Just before winter break, Opal 3 did a genre study in Literacy Studio on Six Word Memoirs. The idea of a six word memoir is that an author tells the reader about a significant memory from his or her own life in exactly six words.
According to I Can’t Keep my own Secrets: Six-Word Memoirs by Teens Famous and Obscure edited by Smith Magazine:
The idea of telling an entire story in half a dozen words dates back to Ernest Hemingway. Legend has it that this great American writer was once challenged to write a whole novel in just six words. He came back with “For sale: baby shoes, never worn.”
The students spent a few weeks immersed in six word memoirs – reading them, writing them, and playing with them.
Writers were inspired by four different prompts through the study:
- An artifact, an object that holds personal memories
- A person who inspires significant memories for you
- A place where meaningful events took place
- Your internal gift that you share with your community
Carole, our arts specialist, told us that as listened to the students and I construct our ideas of what a six word memoir is and what an author would do to craft a compelling six word memoir, the image of a window was very powerful for her. She said that these memoirs were a window into each of us –a glimpse into memories that make us who we are. This inspired her to create the “Treasure Windows” on which our final six word memoirs are mounted.
And since these Treasure Windows give the reader a glimpse into each of us, the students created self portraits for their centers – a visual image of who they are.
How can Opal 3 students revisit and rethink the idea of an internal gift?
It is a long standing Opal School tradition for our students to discover, document and share the gift that each of them brings to their school community. We were wondering if the oldest students in the school might consider this idea of an internal gift differently.
We read a book called Melissa Parkington’s Beautiful, Beautiful Hair by Pat Brisson. Melissa is a girl who is known for her beautiful hair, and everyone she met would tell her how beautiful it was. One day Melissa realizes that when she “was younger, hearing those things made her feel special. But lately, it had begun to bother her. She wanted people to notice her for something she did, not something that just grew out of her head.” Eventually, as Melissa tries out new activities, she realizes that the gift she gives other people is the gift of kindness. The final act of kindness described in the book is Melissa donating her hair to a charity that will turn it into wigs for children who need them.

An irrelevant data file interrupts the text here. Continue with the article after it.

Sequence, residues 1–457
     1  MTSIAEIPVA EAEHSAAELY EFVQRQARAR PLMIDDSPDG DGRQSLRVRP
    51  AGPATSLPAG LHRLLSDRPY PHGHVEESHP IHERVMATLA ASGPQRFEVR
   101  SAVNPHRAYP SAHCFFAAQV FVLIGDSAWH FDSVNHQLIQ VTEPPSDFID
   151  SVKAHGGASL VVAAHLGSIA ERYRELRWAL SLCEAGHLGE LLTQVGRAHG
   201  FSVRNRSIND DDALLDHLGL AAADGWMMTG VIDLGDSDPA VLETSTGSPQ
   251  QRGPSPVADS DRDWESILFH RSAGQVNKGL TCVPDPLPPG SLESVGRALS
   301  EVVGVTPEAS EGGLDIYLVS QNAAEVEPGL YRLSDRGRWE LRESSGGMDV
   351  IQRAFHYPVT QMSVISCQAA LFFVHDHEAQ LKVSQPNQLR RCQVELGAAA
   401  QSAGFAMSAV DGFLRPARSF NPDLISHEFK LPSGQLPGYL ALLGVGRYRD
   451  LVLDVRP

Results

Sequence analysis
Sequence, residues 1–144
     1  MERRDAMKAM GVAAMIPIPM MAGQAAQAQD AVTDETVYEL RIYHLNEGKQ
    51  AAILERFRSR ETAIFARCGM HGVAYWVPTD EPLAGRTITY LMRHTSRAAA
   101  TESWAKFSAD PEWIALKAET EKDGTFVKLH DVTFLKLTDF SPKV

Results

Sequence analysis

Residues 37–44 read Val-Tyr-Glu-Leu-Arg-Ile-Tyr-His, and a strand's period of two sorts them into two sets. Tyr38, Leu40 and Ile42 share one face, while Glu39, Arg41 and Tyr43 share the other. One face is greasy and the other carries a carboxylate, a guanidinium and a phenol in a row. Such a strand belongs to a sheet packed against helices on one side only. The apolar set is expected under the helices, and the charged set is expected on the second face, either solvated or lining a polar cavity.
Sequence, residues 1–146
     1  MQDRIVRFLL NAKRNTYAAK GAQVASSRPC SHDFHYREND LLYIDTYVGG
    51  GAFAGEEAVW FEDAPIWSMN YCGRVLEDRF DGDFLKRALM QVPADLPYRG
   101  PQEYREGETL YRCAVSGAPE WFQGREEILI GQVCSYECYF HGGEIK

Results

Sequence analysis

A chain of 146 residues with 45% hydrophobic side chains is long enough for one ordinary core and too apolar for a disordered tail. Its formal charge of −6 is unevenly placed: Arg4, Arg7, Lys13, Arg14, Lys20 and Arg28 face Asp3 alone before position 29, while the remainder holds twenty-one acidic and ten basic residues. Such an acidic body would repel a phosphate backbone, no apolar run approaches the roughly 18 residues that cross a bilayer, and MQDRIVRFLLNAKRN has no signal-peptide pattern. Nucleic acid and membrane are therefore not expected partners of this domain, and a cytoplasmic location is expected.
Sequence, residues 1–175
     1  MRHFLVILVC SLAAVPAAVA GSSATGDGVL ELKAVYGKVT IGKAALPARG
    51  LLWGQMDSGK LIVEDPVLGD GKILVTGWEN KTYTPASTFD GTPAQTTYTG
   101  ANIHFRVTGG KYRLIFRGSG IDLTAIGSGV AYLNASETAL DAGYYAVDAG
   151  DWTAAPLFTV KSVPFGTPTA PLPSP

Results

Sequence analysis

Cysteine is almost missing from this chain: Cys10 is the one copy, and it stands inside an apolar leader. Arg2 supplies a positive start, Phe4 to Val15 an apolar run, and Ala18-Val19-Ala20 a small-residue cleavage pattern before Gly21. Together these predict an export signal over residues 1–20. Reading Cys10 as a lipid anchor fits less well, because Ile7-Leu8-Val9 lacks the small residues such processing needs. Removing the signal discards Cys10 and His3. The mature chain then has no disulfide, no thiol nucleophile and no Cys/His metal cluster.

We talked as a community about this idea of an internal gift. Like Melissa, we knew it had to be something you do, but what else makes it a gift?
In our discussion, the children realized that for it to be a gift you have to give it to people; that it’s what people love about you. Like if you go to summer camp and you help people meet each other and make new friends, you are giving a gift. What would we call that? Or if you always help people who are sad or hurt, what is that gift that you give?
We wondered about when people tell you, “You are a gifted dancer or a gifted artist.” Is that a gift? We wondered if this was a gift that you maybe have, but unless you share it somehow with others, it doesn’t fit the definition of internal gift that we wanted to use.
The students got to do some reflecting in class about their classmates’ gifts. They got to tell each other (by writing on a piece of paper taped to their backs) what internal gifts they had received from each of them. Then they had a similar discussion with their families.
The process of telling a story with only six words led to some amazing discoveries. For example, words like then, the, and, a and an are not really necessary. They take up a valuable word spot! And, as Riley said, “It's so cool when you get to use as much punctuation as you want. Punctuation says a lot!”
Also, playing with our words (and punctuation) was fun. Each student wrote out their word choices onto small pieces of paper and moved them around (with as much punctuation as they wanted!) until they literally crafted the six word memoir that best told their story.
My favorite part of the process was the fact that, somehow, I got to have a one on one teacher conference with every student in the class. In those precious meetings, your children shared stories of their significant memories with me, and explained and revised the six word memoirs they had written. In these moments I so appreciate how open we can be with each other, and I remember what fuels me as a teacher and as a member of the Opal community — truly connecting, especially through stories.
When we got back from break we had a ceremony to present our gifts and our Treasure Windows to the class. One by one the students received their Treasure Window and then read the six word memoir they had written about their gift to the class. The Treasure Windows are now hanging on these beautiful ribbons in a window in our classroom.
Wow! I am dying to come in a read some of these 6 word memoirs and to hear how carefully the children chose their words. It sounds like a powerful experience for everyone!